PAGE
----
Zach frowned and stormed past the others in the locker room, brushing past Gentry.
Gentry didn’t give him a second look. He brushed past, gliding forward with no expression on his face, no thought in his mind, no feeling underneath it all. Easy like the sun on the sea, and it made Zach hot with an all too familiar anger. In this kind of water, Gentry swam like one of the sharks; and it was so effortless that he probably didn’t even notice he was doing it. It was just something his body did, a second nature. His eyes would grow firm and distant, simmering down to dark nothing. The movements of his body became rigid and firm— head high, chest out, shoulders back. There would be a grating lead-heavy undertone in his voice, and just enough expression in his face to keep questions at bay.
Zach was amazed how fast he could adapt, sickly watching the change kick in— from the moment they set foot outside the library, just before they parted ways for practice. Had that always been there? Yeah.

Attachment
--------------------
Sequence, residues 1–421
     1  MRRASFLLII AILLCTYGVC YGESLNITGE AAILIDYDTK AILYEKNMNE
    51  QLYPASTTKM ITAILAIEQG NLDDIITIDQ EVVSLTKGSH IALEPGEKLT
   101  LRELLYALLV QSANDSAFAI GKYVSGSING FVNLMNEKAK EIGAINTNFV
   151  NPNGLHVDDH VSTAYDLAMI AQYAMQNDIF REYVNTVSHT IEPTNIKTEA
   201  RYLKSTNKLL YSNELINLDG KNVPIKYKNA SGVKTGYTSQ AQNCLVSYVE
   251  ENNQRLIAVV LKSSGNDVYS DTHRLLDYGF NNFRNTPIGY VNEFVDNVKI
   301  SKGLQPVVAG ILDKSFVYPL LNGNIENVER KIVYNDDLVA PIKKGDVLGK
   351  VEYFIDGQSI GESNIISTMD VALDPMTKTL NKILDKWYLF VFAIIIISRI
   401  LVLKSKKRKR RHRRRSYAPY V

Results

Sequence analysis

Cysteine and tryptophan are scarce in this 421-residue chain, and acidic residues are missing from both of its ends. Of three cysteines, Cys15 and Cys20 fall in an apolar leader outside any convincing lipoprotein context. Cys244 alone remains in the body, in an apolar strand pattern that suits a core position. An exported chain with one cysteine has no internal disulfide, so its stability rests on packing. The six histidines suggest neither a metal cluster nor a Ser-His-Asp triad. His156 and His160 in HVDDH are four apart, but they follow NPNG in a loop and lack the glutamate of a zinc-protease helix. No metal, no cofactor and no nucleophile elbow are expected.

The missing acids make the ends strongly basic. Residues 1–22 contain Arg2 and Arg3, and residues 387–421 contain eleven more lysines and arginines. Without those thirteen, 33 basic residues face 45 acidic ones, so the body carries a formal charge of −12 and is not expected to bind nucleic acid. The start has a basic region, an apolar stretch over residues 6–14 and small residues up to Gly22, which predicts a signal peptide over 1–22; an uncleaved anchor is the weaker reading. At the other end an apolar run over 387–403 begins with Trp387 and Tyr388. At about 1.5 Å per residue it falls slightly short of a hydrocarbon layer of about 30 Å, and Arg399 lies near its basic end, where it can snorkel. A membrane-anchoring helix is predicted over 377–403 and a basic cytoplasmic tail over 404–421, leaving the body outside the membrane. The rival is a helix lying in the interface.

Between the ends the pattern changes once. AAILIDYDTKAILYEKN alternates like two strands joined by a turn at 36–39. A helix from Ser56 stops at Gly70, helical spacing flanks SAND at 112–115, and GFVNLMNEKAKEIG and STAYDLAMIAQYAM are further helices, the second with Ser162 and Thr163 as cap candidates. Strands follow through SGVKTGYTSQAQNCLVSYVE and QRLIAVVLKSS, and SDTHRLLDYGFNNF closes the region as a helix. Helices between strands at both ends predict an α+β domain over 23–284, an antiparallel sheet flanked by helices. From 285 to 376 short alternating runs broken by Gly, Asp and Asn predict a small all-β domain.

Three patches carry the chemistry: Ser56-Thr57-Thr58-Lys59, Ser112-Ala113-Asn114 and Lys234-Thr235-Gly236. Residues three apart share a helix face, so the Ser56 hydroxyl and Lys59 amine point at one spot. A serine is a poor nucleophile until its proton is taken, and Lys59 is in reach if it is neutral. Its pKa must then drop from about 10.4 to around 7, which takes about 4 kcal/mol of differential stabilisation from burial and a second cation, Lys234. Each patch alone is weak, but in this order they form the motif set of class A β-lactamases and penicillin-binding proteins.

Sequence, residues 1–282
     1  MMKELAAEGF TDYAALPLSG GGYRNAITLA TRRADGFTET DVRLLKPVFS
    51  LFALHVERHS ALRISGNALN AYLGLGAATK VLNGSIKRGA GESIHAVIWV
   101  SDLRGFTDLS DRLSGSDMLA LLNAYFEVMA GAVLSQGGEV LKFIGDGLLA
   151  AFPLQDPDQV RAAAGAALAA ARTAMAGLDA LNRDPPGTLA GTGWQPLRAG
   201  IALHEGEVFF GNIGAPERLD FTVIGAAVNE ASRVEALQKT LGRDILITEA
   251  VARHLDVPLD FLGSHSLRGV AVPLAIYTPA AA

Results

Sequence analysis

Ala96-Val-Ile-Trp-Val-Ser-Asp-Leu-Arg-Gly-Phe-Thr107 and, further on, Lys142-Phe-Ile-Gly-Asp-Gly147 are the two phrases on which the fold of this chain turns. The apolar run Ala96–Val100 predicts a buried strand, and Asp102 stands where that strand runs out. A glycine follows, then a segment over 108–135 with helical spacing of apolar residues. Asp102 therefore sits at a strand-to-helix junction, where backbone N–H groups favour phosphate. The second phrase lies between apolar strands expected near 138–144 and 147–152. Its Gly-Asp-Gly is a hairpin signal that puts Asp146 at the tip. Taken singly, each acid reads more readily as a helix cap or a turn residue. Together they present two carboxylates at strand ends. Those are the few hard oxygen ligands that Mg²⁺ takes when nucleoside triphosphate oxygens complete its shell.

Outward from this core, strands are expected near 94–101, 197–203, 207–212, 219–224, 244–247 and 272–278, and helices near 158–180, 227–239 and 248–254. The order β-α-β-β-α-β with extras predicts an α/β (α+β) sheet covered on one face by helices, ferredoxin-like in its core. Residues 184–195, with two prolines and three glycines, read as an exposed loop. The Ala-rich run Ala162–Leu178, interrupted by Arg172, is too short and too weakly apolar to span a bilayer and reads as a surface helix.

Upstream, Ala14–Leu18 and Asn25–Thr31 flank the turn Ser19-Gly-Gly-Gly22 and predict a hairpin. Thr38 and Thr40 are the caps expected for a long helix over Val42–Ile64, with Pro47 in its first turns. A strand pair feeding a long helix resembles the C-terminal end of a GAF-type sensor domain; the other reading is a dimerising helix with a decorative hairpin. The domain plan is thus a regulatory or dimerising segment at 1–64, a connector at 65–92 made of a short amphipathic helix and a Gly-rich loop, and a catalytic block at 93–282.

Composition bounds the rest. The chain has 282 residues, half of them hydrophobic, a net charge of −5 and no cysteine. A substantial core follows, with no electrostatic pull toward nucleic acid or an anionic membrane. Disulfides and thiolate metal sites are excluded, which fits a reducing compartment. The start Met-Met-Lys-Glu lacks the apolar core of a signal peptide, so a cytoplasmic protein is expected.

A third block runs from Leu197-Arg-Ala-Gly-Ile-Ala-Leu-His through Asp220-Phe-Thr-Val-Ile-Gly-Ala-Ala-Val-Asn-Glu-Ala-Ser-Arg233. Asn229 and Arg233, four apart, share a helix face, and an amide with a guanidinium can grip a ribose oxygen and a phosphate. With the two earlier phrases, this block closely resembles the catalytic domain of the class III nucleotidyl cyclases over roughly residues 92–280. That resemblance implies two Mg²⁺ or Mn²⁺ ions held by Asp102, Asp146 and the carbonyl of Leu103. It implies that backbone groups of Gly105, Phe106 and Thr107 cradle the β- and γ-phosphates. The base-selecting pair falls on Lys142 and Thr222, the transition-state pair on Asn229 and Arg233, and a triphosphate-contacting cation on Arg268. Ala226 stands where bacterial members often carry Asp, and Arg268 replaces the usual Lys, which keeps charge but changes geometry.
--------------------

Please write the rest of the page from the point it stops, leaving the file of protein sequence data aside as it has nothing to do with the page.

“Congrats on getting your time up. Just shave off thirty seconds for your backstroke, and you’ll be in good shape for Nationals.”
Zach gave him an odd look, shook his head slowly and turned his back. If no words needed to be exchanged, then none were. Here they rarely communicated beyond grunts and sneers; avoiding eye contact because Zach knew he would hate what he’d see leering back at him.
But this cold-blooded calm was a part of Gentry—not a split personality or even a contradiction. It was not as simple as a flaw or as complex as an alter-ego; it wasn’t even evil, it just was. A part of the whole, nothing more nothing less.
That part of him which moved through the locker rooms with predatory grace.
And every time he thundered through the double doors, the team would, for at least one moment, cast aside their suspicions. Because in these waters, no one was consistently faster, tougher, or more needed than Gentry Lee Johnson. No one was colder, no one was tougher— no one else could swim The Gauntlet. Not the way he did.